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Lausanne : Nameless in the City, Musée de l’Elysée


This inaugural exhibition signals the place of the collections of the Musée de l’Elysée in the new programming devised by Tatyana Franck: Anonymity Today weaves a common thread binding a variety of outstanding works, some of which were specially acquired for the occasion. The subtitle of the exhibition, A Short Photographic Grammar of Urban Life, coined by the curator Pauline Martin, situates the spectral gaze in the field of sociology, since many anthropologists have studied the modern city along with the solitude, anguish, and exclusion it epitomizes. Photographers have tackled the urban jungle through recurrent formal strategies meant to foreground the city’s intrinsic qualities. However, the individual’s isolation in the crowd may also be a source of freedom—a paradox underscored by several artists. Sociability thus remains possible within special-interest communities or through accidental encounters. New tribes come into existence offering novel social configurations and overcoming the initial paradox.

The exhibition is subdivided into seven sequences, and opens with Stéphanie Couturier’s photographic series Urban Archaeology and Hans Wilschut’s series Hermetic City, which foreground the individual’s necessary adaptation to a constantly evolving metropolis and progressive urban densification. What place can the individual occupy? The next question then is, can the individual preserve his or her privacy in the face of growing homogeneity of their environment and predefined social types, as exemplified by Raphael Hefti’s beauticians, trapped in consumer logic, or Aimée Hoving’s Geneva lawyers captive to their own power? But there are those who resist the social steamroller, such as Mexican street vendors whose ramshackle carts are nevertheless creative.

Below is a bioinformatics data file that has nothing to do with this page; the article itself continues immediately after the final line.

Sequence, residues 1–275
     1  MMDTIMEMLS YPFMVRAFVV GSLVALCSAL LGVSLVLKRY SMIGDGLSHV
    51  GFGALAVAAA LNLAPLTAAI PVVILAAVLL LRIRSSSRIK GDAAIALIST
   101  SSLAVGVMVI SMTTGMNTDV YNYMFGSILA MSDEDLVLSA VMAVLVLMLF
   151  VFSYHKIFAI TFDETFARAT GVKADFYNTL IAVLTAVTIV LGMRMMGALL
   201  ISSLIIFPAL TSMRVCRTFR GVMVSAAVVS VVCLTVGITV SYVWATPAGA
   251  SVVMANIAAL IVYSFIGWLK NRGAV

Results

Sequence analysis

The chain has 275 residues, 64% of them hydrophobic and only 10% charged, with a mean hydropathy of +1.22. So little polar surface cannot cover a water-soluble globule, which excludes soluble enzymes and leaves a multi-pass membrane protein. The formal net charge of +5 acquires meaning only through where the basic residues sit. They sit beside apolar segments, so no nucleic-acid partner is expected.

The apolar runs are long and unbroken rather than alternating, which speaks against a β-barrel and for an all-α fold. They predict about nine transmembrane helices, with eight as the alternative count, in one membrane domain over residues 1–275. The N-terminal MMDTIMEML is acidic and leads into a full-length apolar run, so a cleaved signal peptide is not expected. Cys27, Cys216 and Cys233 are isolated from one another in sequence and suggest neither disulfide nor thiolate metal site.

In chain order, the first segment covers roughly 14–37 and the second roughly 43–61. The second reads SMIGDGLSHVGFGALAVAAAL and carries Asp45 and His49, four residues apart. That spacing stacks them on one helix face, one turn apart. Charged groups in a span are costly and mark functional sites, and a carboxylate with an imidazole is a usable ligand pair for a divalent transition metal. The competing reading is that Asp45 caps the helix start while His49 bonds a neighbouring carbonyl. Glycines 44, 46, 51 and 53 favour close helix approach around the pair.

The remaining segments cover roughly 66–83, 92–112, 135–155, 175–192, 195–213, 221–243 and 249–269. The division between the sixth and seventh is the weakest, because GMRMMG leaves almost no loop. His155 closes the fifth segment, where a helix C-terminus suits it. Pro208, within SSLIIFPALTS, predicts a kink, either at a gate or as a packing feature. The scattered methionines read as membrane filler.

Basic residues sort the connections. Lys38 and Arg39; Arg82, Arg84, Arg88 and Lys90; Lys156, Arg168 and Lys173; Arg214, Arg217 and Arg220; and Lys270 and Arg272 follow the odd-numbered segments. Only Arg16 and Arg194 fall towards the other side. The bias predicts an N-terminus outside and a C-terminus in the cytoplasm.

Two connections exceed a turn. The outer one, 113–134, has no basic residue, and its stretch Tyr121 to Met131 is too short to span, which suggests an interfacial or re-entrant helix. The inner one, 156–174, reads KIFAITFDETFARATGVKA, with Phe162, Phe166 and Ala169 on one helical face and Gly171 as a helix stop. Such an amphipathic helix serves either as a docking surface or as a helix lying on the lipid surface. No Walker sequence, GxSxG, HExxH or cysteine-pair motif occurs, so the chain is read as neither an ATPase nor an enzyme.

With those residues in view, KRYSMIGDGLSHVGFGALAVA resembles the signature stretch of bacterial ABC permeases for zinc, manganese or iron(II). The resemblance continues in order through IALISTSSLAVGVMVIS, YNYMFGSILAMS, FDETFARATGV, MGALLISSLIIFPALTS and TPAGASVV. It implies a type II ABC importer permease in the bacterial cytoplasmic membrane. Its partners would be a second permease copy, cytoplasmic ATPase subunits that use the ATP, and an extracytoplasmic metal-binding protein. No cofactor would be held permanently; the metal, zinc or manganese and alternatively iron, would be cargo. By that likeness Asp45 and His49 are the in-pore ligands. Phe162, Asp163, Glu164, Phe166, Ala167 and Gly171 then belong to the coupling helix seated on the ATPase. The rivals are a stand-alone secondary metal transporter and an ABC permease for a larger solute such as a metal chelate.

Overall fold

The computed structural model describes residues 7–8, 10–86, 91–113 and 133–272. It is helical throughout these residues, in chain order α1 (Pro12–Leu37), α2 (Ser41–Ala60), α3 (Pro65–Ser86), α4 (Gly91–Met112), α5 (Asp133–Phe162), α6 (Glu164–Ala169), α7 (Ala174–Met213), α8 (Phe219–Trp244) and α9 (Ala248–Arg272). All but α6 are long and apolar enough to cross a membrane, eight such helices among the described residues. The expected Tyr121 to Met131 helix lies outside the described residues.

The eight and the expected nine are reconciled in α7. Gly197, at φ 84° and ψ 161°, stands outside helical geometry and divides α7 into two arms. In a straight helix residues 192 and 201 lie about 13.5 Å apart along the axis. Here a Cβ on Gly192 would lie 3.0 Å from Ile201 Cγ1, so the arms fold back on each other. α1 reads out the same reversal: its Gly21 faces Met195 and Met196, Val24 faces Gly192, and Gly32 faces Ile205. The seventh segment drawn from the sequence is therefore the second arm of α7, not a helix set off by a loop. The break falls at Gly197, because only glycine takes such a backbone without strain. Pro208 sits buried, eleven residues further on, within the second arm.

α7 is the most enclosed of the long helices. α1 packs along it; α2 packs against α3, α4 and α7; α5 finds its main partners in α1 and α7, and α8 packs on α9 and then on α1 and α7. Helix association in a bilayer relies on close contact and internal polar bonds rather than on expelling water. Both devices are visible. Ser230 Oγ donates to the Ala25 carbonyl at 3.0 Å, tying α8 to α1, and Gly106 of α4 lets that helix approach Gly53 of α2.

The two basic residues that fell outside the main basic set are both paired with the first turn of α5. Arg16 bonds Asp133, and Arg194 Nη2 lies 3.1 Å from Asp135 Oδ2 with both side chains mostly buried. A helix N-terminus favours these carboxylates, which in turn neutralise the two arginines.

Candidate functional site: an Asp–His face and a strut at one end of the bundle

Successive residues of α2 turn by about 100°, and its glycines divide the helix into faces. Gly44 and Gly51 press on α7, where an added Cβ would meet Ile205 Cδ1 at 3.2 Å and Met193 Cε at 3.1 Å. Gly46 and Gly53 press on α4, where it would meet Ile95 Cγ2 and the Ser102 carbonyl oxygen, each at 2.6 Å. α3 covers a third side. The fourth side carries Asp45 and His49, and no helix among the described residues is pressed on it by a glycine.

Exacerbating the loss of bearings to the point of potentially anguishing and mortifying disembodiment, some photographers deploy formidable conceptual tools, such as blur in Alexey Titarenko (Petersburg crowds) or Miklos Gaal (minuscule human figures); digital and virtual manipulation (Second Life avatars by Richard Kolker or the world of cinema by Kristoffer Axen); or spectrality, as in the images of undocumented migrants x-rayed by the French border control at Calais — a chilling sight that brings to mind phantom images, a concept central in Georges Didi-Huberman’s work.

These intense images give way to the “comfort of the incognito” described by the philosopher Colette Petonnet and embodied in three video loops by Cyrille Lallement (urban simulacra), Floriane de Lassée (the place of the viewer/voyeur), and Nadja Groux (traffic scenes captured from her window in Harlem).

Relinquishing anonymity implies for the artists a humanizing gaze at misery (Thomas Kern’s homeless people) or the tragedy of a terrorist act. Nameless inhabitants thus experience an unprecedented surge of solidarity on September 11, captured by Kevin Bubriski and Frédéric Sautereau, to the point of exalting the figure of the ordinary hero, as shown by Jonas Fredwall Karlsson and Steve McCurry (a firefighter climbing a ladder). Intimacy may also end up being violently rejected by the subject, as was the case with Neji Bensalah, a commuter surreptitiously photographed in the New York subway by Luc Delahaye, who took the artist to court and lost.

Exclusion in the city comes in different guises, from temporary or permanent insecurity (the home(less) by Nicholas Prior or urban cave dwellers in New York by Andrea Star Reese) to the loneliness of the rich and privileged (Chinese only children by Su Sheng or Jewish immigrants in Los Angeles by Anoush Abrar).

Is belonging to a special-interest community the answer to this specifically contemporary dilemma? Intersecting or congregating around select activities, as in Lawick/Müller (audio-guide), socializing at work (a photocopier by Julien Benard) or during one’s commute (Pablo Zuleta Zahr), or coming across the reality of a body other than one’s own (Valérie Jouve’s Grand Littoral), all seem ways of slipping the grasp of escalating dehumanization.

The utmost consistency of this city stroll, both chaotic and fragile, tragic and singular, leaves a long-lasting impression, like a bittersweet melody.

Anonymity Today
A Short Photographic Grammar of Urban Life
Until May 1st, 2016
Musée de l’Elysée
18, avenue de l’Elysée
CH-1006 Lausanne
T +41 21 316 99 11
[email protected]

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